So I went through the routine of trying to escape from Fry’s Electronics (oh there’s a story coming about that experience…) then hopped on the Interstate to get back to Anderson and finally get the video encoding and uploading. I grabbed some Subway and hit the newshouse excited to get going. I got the hub out of the package and not only did it not power on (ie it was broke), upon reading the directions I realized you do need a Firewire port like I had thought. I shouldn’t have let the Fry’s people assure me otherwise.
Upset, I packaged up the malfunctioning new equipment quickly and headed back to Fry’s – another 40 minutes one way trip. At this point, I had been up around 16 hours, working most of it. Well, trying to work. I got back to Fry’s and had another HORRIBLE encounter (noticing a theme about Fry’s Home Electronics??), but I managed to escape with my life and a $15 Firewire PCI card I should’ve got in the first place. Another 40 minutes or so back to Anderson, and I was ready to install the new hardware.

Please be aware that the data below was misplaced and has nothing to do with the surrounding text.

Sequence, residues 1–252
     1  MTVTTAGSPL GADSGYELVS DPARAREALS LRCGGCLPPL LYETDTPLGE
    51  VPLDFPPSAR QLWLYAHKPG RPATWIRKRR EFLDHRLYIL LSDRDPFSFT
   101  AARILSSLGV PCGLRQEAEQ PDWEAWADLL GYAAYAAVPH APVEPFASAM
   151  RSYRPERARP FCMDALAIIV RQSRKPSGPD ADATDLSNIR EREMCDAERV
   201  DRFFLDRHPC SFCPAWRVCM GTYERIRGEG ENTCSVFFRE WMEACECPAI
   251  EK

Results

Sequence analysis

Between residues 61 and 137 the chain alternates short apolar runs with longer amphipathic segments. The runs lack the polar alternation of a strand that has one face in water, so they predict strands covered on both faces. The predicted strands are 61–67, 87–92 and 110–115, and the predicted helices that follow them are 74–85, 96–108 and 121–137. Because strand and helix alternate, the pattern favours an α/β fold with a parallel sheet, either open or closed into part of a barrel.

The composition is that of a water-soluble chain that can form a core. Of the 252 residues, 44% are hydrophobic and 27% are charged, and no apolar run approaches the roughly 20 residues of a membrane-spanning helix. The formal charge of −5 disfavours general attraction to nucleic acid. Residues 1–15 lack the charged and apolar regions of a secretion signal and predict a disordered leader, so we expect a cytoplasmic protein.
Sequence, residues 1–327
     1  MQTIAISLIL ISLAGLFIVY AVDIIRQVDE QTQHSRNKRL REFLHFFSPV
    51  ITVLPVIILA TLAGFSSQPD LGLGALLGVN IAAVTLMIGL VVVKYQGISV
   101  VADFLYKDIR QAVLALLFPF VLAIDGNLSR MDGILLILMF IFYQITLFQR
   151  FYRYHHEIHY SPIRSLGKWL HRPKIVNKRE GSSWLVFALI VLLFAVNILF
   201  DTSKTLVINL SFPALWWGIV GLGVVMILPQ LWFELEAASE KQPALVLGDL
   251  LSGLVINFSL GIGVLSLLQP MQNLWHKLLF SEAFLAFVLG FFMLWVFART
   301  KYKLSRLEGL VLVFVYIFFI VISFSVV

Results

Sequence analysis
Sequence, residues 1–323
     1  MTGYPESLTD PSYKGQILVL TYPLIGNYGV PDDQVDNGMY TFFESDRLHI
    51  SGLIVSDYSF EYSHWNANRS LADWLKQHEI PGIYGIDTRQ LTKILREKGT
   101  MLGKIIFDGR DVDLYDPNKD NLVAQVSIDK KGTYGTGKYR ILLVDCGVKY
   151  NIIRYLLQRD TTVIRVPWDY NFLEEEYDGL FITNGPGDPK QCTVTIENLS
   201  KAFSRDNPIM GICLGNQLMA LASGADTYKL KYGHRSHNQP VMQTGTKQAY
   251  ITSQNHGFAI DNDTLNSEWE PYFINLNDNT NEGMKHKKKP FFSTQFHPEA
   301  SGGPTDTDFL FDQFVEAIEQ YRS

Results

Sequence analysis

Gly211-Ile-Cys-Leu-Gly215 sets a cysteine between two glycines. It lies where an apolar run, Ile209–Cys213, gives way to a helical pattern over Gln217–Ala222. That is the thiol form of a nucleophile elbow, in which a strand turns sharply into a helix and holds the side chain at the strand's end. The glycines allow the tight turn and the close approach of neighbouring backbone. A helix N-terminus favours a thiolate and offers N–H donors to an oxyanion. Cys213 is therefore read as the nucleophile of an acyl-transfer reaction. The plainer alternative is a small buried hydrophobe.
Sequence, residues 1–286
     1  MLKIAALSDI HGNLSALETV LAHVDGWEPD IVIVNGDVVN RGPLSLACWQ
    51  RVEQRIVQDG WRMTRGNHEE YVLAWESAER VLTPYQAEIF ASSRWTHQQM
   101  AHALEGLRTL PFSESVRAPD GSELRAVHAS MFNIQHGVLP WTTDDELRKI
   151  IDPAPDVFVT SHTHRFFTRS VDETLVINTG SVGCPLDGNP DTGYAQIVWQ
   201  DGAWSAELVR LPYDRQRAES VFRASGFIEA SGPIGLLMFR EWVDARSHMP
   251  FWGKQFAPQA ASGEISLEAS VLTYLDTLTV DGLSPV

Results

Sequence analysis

I popped the case of the new, cheapy back-up computer and tried to take off the cover for one of the PCI ports. Being a cheap eMachines, they had not cut the pieces of metal all the way, so they weren’t popping out. That or there was some secret Chinese puzzle method for getting them out. A screwdriver and a little muscle forced it out without breaking anything else and the card was in. I crossed my fingers and fired up the computer.
At this point, I realized my bump up to Windows 7 64-bit made my old video editing software pretty much useless. Yeah, I coulda found some shareware somewhere, but I shelled out another $90 for video editing software from Magix. I ran into problems at first, but around 1 a.m. I finally had it installed and grabbing video from the camera. It took about an hour to get all the video off.
I was exhausted at this point, but I was close to the finish line, and I knew a lot of people who hadn’t been able to make the afternoon press conference on a Friday were interested in seeing the results. They had already seen what Indianapolis television had done and what the local newspaper The Herald Bulletin had done, but they deserved to see the whole thing and make up their own mind on how it went down.
So I plowed ahead and after another few hours, had the video edited, branded, and uploading to YouTube. From there it was just a matter of posting to Anderson Free Press. I took the time to create a thread with all the videos (although you can see them below as well.) If you have any interest in what the public had to say about my efforts, you can click through to Anderson Free Press and read the few comments that were left.